My Nespresso machine sits in the corner for months at a time, waiting patiently for me to have a party and the sufficient lack of wherewithal to make espresso martinis without it. The rest of the time, I use a cafetiere, in-cup filter or old-fashioned stove top pot to make an infinitely cheaper and superior cup. Fancy barista espressos are overrated. American diner-style filter is the best.

Washing-up liquid

What is the point of poncey perfumes for plates? You’re paying for either a costly but ephemeral hit of scent, or for your dinners to taste like lavender. Washing-up liquid should smell as God intended: either of pungent lemon, Original Fairy liquid, or that delicious cheap fake-apple stuff you get from a cash and carry. Paying for added peony, cedarwood or pro-vitamin B5 (you think I’m joking) is a madness. And aloe vera for a dish? It has an egg stain, not nettle rash.

Reading specs

Opticians: please forgive me when I tell people that designer specs and state-of-the-art lenses are very often a total waste of money. I have several friends who’ve ditched their prescriptions and declared their lives changed by a few quid spent in Boots on a pair of generic reading glasses. As a bonus, the reliable ugliness of the £5 chemist-bought readers should also stop the longsighted but absent-minded from forgetting to remove them before going out in public – an act that would have saved me from tumbling down an entire flight of stairs and into A&E.

Toasters

It is a fact that the more expensive the toaster I’ve brought into my house, the worse performing and shorter living it’s ultimately been. The more a toaster resembles a vintage winnebago, the less likely it is to deliver toast that is neither pallid nor charred. Conversely, the cheap toasters of the Russell Hobbs, 1970s Generation Game conveyor belt variety, are capable workhorses. In. Toast. Pop. Not a wifi-enabled bagel function in sight.

House plants

Cockroaches, Keith Richards and Ikea houseplants. Only they will survive the no longer inconceivable nuclear holocaust. Mass produced, jolly, vernal and hardy, they defy both nature and nurture and just keep growing. Cacti aside, I’ve somehow killed everything more expensive in days.

Coffins

The impulse to honour someone with an ornate casket is understandable, but surely if someone wants to be buried, their desire is to return to the soil as soon as possible, not to keep it at bay with cherrywood and brass. An eco coffin of seagrass, bamboo or cardboard is a gentler, less wasteful option and perfectly respectful to the environment and the deceased. The latter would almost certainly prefer the money saved to go behind a bar, to toast their excellence at the wake.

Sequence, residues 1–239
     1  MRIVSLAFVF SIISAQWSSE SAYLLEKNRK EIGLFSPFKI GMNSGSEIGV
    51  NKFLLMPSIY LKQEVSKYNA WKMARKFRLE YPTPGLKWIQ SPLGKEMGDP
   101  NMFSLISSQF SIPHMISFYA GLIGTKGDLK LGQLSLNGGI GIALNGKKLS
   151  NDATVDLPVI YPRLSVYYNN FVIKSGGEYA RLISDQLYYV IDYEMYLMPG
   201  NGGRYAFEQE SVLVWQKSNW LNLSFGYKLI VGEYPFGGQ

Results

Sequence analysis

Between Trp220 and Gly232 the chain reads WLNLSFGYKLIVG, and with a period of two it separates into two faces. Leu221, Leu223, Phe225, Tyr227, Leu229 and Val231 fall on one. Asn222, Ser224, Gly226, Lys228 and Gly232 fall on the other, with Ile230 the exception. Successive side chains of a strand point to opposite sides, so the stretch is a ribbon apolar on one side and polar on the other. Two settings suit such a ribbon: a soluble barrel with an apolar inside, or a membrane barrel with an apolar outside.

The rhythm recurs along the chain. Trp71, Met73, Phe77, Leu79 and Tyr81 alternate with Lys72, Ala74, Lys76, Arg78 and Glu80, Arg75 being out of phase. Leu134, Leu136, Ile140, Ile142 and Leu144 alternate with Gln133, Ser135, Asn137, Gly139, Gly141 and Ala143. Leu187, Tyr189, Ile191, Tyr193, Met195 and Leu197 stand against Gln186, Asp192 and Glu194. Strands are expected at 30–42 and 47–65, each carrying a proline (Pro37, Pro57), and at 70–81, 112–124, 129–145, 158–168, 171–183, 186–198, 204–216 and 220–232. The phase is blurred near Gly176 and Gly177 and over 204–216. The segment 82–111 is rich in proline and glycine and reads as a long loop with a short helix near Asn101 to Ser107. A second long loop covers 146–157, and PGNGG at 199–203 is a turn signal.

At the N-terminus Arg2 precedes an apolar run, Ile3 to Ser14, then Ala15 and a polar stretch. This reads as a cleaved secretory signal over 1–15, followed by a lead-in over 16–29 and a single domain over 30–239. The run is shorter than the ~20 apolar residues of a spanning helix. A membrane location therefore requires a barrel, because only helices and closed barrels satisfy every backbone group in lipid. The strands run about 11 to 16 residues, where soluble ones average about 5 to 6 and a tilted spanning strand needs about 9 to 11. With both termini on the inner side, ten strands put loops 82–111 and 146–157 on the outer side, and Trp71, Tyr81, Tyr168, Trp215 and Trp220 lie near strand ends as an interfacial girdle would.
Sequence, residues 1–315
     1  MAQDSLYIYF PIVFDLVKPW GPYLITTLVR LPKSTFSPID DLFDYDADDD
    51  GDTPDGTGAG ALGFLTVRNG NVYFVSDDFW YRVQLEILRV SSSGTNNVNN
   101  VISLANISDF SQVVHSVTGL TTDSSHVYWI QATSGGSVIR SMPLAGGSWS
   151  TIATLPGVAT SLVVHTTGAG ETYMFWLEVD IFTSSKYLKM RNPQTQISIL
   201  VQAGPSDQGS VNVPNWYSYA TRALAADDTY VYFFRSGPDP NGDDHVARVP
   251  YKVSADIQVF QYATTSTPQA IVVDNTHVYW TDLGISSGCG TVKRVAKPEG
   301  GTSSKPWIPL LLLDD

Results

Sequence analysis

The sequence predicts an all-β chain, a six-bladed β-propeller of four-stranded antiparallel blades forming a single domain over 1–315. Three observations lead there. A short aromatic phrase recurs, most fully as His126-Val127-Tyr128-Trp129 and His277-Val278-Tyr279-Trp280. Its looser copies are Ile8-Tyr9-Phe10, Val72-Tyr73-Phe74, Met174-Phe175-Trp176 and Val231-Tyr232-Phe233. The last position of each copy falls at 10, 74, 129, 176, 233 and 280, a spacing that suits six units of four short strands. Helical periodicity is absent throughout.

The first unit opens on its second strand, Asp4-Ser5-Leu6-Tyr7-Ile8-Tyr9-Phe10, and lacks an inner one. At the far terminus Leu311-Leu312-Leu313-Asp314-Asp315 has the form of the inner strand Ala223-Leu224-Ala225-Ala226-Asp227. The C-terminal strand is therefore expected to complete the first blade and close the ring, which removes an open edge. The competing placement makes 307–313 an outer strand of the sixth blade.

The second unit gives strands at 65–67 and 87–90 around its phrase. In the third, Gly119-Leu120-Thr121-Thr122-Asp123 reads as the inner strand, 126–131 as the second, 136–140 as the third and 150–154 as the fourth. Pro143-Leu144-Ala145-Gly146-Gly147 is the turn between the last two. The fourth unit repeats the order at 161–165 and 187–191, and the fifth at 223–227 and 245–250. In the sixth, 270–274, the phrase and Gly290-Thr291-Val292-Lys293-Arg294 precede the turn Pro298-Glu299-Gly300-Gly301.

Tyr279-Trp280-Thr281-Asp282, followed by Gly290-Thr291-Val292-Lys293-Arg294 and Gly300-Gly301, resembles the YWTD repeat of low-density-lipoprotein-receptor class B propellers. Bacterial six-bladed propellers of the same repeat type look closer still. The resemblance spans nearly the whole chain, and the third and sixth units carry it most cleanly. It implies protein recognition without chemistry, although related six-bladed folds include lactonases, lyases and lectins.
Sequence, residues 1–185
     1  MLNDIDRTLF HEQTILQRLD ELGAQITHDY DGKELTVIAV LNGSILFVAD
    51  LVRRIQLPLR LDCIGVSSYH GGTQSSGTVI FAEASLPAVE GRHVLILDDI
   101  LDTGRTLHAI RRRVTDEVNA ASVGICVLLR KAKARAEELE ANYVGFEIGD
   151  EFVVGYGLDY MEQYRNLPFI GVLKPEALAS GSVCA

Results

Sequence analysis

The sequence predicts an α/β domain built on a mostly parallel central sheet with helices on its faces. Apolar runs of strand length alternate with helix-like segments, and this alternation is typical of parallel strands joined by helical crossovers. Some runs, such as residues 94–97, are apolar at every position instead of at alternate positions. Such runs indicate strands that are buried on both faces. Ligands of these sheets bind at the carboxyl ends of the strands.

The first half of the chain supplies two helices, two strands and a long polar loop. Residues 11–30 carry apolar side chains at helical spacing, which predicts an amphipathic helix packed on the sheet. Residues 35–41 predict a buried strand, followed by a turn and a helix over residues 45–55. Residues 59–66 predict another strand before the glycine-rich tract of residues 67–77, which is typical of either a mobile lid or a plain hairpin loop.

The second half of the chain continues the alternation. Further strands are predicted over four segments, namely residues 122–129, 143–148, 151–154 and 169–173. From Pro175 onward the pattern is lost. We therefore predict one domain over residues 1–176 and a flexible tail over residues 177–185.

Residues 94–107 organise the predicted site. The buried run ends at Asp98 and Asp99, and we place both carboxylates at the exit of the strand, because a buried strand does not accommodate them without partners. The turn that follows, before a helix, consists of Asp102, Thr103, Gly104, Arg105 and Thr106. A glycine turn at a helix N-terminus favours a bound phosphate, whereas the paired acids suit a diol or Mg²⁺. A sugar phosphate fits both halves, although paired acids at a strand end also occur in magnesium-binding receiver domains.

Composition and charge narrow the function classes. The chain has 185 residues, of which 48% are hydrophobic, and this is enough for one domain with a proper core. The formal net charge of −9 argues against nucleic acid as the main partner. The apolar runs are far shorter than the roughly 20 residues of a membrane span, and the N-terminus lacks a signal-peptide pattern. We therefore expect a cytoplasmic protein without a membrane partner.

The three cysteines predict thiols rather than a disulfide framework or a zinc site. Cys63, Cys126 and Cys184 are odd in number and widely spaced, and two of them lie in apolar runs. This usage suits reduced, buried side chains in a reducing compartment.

Cola

Artisanal cola. No one wants that. They want the slightly hurty, punch in the back of the throat, hangover-busting fizz of proper Coke or Pepsi. The overly herbal, unpleasantly medicinal, uncaffeinated, half-arsed sparkle of folksy organic farmers’ market cola does nothing to ease tiredness or malaise. It exists purely so middle-class parents can buy their kids a coke without the shame and social exclusion of The Real Thing.

Pens

Ever tried to write your Christmas cards with a fountain pen? You’ll still be wafting in February. A humble quid’s worth of Biro just gets stuff done – no fuss, no frills. Mmmm… the shortening vein of ink in its hexagonal plastic coating, the musical blowing through the lid, the satisfaction felt when one’s fingernails grip the coloured plastic plug to ease it in and out of the pen’s stern, all while one should technically be working. Pure stationery porn with which no costly writing instrument can compete.

Magazines

I have been obsessed with beautiful, glossy, aspirational magazines since childhood, worked on them since the 90s, and feel fiercely protective of their future. But give me a long train journey and I’ll grab the new issue of Closer faster than you can say Harper’s Bazaar. No upmarket glossy calms my blood pressure and improves my overall mood like Take A Break, That’s Life! and Pick Me Up! Even when skipping past the Kardashians and Love Islanders (no judgment, just no idea), there’s stacks of salacious gossip and delicious brain dessert inside. Go on – ask me for my top tips for kettle descaling, or literally anything about the Brazilian Bum Lift. I’m ready for you.

Christmas crackers

By all means, go as luxe as you like with Christmas presents, but know that no one ever looked to a cracker for an inspirational quote and nickel-plated money clip. The joy of wrestling with children, parent or spouse over a paper-covered toilet roll is that the stakes are so pointlessly low. What should fall on to the lunch table and into the gravy spill is a crap joke, fleetingly amusing trinket and a tissue crown so oversized as to later obscure napping eyes during Call The Midwife.